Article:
Many of us use Facebook to communicate with our friends, but is the social networking site making a move to play an even larger role in online communication? Recently, Facebook has created a new app for messaging that does not require a Facebook account to use. Only your phone number and name are required for the use of this messenger app, so you can chat with your contacts without having to use Facebook. Although people are wondering if services such as this one will replace the traditional SMS, I am hesitant to agree. The key to making this service successful will be making messenger convenient to use, otherwise people won’t use it, even if it is a free service. Ideally, the facebook app would have to be integrated into the cell phone, and that process has already begun with the Facebook Messenger for Andriod 2.0, which sends your texts to messager and your traditional SMS client. More about this version of messenger can be found here: http://www.theverge.com/2012/9/20/3364142/facebook-messenger-for-android-sms-threading. Facebook has also given some thought about producing their own smart phones, which if successful, would open lots of different possibilities for messaging services. More about the challenges Facebook faces in entering the cell phone industry can be found here: http://techland.time.com/2012/05/29/facebook-phone-rumored-again-but-fundamental-questions-remain/.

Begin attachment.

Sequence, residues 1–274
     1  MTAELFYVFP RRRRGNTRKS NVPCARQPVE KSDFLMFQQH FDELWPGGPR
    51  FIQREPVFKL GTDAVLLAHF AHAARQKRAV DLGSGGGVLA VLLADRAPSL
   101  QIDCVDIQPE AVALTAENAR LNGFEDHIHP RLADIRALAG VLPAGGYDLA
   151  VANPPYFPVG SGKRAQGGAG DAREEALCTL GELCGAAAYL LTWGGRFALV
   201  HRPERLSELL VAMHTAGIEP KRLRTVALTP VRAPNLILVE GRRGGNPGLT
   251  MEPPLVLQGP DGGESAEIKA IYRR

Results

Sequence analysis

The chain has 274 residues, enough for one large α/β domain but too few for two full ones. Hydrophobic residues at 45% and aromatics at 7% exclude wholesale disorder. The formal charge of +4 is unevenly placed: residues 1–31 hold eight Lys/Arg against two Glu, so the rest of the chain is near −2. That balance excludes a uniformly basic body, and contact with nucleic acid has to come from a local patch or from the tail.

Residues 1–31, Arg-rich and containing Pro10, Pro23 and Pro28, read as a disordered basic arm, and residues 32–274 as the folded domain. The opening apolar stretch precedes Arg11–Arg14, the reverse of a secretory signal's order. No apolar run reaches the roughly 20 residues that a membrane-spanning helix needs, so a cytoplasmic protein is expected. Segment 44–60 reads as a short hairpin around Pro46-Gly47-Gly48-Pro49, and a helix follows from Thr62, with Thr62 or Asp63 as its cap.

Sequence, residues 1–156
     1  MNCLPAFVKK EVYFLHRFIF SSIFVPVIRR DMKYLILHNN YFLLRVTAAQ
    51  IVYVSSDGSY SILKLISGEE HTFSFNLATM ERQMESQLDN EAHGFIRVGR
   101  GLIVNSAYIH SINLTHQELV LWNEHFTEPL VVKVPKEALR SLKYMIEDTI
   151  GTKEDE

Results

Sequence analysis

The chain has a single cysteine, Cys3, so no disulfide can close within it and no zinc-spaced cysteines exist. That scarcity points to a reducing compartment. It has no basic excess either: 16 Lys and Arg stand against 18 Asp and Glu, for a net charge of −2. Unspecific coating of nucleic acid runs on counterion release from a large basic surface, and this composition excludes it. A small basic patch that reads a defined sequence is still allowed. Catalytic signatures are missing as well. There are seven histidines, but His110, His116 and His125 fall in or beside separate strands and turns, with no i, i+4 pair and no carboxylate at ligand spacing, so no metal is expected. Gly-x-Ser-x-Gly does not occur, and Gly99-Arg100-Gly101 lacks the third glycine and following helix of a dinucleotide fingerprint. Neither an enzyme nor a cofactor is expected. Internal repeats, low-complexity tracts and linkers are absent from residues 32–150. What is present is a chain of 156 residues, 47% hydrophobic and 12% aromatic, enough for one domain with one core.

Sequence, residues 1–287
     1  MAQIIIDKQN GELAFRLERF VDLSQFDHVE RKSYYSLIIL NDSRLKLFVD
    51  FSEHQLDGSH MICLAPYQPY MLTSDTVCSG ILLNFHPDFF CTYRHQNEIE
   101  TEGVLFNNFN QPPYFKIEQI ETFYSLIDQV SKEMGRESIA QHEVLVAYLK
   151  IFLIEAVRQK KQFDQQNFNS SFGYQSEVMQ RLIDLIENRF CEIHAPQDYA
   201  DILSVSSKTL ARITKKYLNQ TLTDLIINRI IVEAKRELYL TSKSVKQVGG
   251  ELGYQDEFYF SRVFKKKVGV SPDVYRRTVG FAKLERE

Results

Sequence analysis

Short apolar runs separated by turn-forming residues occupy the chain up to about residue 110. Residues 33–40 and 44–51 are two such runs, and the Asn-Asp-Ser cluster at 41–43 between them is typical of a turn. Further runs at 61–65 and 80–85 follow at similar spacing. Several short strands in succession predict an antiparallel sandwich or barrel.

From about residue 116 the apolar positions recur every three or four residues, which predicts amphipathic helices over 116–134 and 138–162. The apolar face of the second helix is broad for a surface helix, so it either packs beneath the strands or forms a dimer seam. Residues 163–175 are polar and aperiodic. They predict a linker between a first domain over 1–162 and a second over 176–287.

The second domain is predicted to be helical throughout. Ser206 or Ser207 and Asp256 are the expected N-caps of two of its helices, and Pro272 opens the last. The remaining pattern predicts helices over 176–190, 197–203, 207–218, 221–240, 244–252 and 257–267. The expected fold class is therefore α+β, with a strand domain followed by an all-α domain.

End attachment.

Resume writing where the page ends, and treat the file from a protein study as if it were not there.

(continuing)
But until we receive more specific information about a Facebook phone, I don’t think that traditional texting will be left behind for Facebook messenger anytime soon. There are already many services that provide free messaging for phones, why should Facebook’s be so different? The new app is only available in Australia, India, South Africa and Venezuela for the moment, and in these areas it is more expensive to send text messages, so it is understandable that this service would be more valuable internationally.